How To Clean Hedgehog Teeth (And Other Questions About Hedgehog Teeth)

Adult hedgehogs have between 36 and 44 permanent teeth, but they’re born without any at all. Juvenile hedgehogs start growing a full set of baby teeth by the time they’re about three weeks old, and their baby teeth finish growing in by the time they’re nine weeks old. These little teeth don’t stick around long though; hedgehogs start growing their permanent adult teeth almost as soon as they get their baby teeth.

Hedgehogs’ baby teeth fall out when their permanent teeth grow in (just like humans!), but you’d have to be pretty perceptive to even notice when they do. Turns out hedgehog baby teeth are so tiny that the little hogs usually swallow them without even noticing.

Grown-Up Teeth

Adult hedgehogs usually have between 36 and 44 permanent teeth that come in all shapes and sizes.

Hedgehogs have sharp incisors and canines upfront for grabbing and biting into tasty treats, and they have a bunch of premolars and molars in the back for crunching and chewing—perfect for their omnivorous diet of bugs, frogs, berries, mushrooms, and whatever else they can get their paws on.

Spiky Backs, Flat Teeth

You might think hedgehogs’ teeth would be sharp and spiky like their spines, but that’s not really the case. Hedgehogs aren’t rodents like mice or rats, so they don’t have sharp teeth designed for gnawing through bark or grass, and they aren’t predators either, so they don’t have fangs or other teeth designed for killing prey.

In fact, hedgehog teeth are actually quite flat, so they’re better suited for chewing on snails and melons than sinking into your fingers.

So while hedgehogs can bite you—like all animals—if they’re tired of if they want you to put them down (or if they think your hand lotion smells delicious and want a taste), their bites are usually fairly gentle. Your hog’s nibbles probably won’t break the skin or really even hurt very much unless it’s very frightened or upset.

DIY Dentistry For Hedgehogs

Hedgehogs’ permanent teeth are just that: permanent. Your hedgehog’s baby teeth are supposed to fall out, but there aren’t any other teeth waiting to replace lost permanent teeth, so it’s important that you pay attention to your hog’s oral health.

Just like humans, regular brushing is key to keeping your hedgehog’s teeth strong and healthy. All you have to do is grab a Q-tip, wet it with some warm water, and gently rub all your hedgehog’s teeth. Pay special attention to your hog’s back molars and the sides of its teeth, and make sure to reward it with a treat for being so compliant after you’re finished.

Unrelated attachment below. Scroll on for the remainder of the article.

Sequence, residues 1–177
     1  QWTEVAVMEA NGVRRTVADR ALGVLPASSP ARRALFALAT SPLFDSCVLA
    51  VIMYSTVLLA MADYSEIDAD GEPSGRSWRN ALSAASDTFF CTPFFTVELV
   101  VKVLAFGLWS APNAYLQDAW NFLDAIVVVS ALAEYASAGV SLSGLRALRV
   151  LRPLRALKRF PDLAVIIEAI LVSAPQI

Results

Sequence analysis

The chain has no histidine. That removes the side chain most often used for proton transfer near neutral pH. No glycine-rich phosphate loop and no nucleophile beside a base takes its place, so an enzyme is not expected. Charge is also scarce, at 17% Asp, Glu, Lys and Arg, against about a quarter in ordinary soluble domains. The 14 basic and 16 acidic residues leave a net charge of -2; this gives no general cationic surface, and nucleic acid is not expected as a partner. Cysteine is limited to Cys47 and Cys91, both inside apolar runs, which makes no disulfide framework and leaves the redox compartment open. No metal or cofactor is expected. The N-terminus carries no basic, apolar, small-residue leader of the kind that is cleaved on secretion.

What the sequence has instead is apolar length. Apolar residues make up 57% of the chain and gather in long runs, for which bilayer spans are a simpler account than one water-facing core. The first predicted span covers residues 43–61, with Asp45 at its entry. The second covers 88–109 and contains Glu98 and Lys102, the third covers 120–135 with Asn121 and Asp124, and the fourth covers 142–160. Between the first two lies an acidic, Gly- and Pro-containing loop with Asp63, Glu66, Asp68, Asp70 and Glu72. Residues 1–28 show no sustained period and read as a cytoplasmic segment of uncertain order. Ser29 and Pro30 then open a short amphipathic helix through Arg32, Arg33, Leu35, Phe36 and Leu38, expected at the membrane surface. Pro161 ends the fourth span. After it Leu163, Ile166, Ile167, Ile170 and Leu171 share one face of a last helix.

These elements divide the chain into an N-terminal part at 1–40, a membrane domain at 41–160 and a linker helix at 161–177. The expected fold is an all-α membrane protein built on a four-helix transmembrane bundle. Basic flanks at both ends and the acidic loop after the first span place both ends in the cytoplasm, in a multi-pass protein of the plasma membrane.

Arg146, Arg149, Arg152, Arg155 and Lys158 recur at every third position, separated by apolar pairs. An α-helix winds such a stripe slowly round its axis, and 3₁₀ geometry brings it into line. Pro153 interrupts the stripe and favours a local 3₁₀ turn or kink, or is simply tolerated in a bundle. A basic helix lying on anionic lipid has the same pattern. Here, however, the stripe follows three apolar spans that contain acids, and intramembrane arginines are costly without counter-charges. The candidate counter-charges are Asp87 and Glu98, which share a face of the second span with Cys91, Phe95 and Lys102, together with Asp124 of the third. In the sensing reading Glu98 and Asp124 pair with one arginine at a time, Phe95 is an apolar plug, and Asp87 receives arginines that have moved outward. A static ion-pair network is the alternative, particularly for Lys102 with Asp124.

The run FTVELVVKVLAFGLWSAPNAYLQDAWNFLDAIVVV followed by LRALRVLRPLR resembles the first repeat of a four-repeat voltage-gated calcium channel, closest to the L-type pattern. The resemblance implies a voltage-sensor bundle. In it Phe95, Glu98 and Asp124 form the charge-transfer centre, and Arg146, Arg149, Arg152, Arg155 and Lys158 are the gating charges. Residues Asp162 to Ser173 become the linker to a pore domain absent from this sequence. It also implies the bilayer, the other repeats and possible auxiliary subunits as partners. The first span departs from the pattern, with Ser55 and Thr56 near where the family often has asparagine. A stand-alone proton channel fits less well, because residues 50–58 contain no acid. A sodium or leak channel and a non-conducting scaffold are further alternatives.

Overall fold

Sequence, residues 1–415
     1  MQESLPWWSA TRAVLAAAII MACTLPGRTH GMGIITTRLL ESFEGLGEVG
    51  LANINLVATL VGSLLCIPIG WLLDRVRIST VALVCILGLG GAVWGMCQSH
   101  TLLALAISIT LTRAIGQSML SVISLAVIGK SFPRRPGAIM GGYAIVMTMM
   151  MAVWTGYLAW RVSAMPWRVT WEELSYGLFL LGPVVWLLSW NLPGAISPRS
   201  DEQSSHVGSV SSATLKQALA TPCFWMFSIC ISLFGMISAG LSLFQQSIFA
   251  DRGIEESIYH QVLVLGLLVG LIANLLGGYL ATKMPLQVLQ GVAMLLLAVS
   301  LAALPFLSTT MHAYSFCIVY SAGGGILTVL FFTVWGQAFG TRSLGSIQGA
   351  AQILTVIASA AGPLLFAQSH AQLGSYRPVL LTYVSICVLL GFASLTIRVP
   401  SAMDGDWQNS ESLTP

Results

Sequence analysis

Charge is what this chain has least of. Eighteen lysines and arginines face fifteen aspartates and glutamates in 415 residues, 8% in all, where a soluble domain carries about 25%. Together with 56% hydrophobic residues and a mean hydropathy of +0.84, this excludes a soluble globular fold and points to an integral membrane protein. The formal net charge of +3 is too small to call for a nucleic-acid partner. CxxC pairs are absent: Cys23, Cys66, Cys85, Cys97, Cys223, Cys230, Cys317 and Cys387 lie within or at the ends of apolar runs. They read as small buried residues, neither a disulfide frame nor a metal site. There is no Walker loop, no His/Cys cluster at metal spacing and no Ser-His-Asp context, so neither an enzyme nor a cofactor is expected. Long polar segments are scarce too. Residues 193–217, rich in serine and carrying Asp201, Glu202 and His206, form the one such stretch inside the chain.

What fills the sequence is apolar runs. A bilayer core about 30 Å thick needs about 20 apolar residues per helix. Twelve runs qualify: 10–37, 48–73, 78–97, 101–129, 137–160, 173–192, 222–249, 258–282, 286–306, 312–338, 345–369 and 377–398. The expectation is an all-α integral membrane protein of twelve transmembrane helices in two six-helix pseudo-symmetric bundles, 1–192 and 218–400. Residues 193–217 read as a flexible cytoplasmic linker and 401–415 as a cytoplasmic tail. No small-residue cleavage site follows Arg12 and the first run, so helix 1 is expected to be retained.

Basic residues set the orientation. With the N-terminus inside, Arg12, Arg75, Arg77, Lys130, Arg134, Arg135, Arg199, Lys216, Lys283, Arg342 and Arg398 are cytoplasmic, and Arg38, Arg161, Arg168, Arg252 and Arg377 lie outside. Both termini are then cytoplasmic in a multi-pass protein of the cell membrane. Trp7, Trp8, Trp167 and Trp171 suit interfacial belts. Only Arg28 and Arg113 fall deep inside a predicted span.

Don’t freak out if your hog’s gums start to bleed a little bit; that just means they haven’t been brushed much and aren’t used to it. If there’s a lot of blood, on the other hand, it’s important that you get your hog to a veterinarian as soon as possible. The same goes for if you can see the roots of your hedgehog’s teeth.

There’s a limit to what you can do for your hog’s teeth on your own. If, for instance, you see a lot of black or brown stuff on your hedgehog’s teeth, you’re probably going to have to get your hog’s teeth professionally cleaned.

Professional Help

The black and brown stuff that you might see on your hedgehog’s teeth is plaque and tartar—a bunch of old food particles and bacterial buildup—and it’s the same stuff your dental hygienist scrapes off your teeth when you go in for a cleaning. You can try to scrape some of it off your hedgehog’s teeth with your fingernails, but it’ll probably be hard to gently scrape their teeth without your hog getting upset and squirmy.

Your Veterinarian’s Got it Covered

Your best bet will be to bring your hog in for a professional cleaning. Your veterinarian will use the same procedure for cleaning the teeth of dogs and cats: They’ll give your hedgehog anesthesia to prevent it from moving around during the procedure, then your vet will take x-rays, clean your hog’s teeth with an ultrasonic scaler or something similar, and return your hedgehog with clean, polished teeth.

Check the Chompers

While you might not always know if your hedgehog has a dental issue, there are a few telltale signs that something is wrong.

If your hedgehog’s mouth hurts, it might:

  • Grind or click its teeth
  • Have difficulty chewing
  • Change its chewing pattern
  • Stop chewing altogether

Keep an eye (and nose) out for these signs that something is very wrong:

  • Swollen jaw, gums, or lips
  • Tender jaw, gums, or lips
  • Frequently rubbing jaw on the ground or with paws
  • Bad breath
  • Drooling
  • Weight loss

All of these signs can indicate your hedgehog has a serious issue and needs to see a veterinarian as soon as possible. It might mean your hedgehog has a painful chipped tooth, an infection or an abscess, or even symptoms of cancer.

So make sure you pay brush regularly, pay attention to your hedgehog’s teeth, and bring it in for regular checkups.

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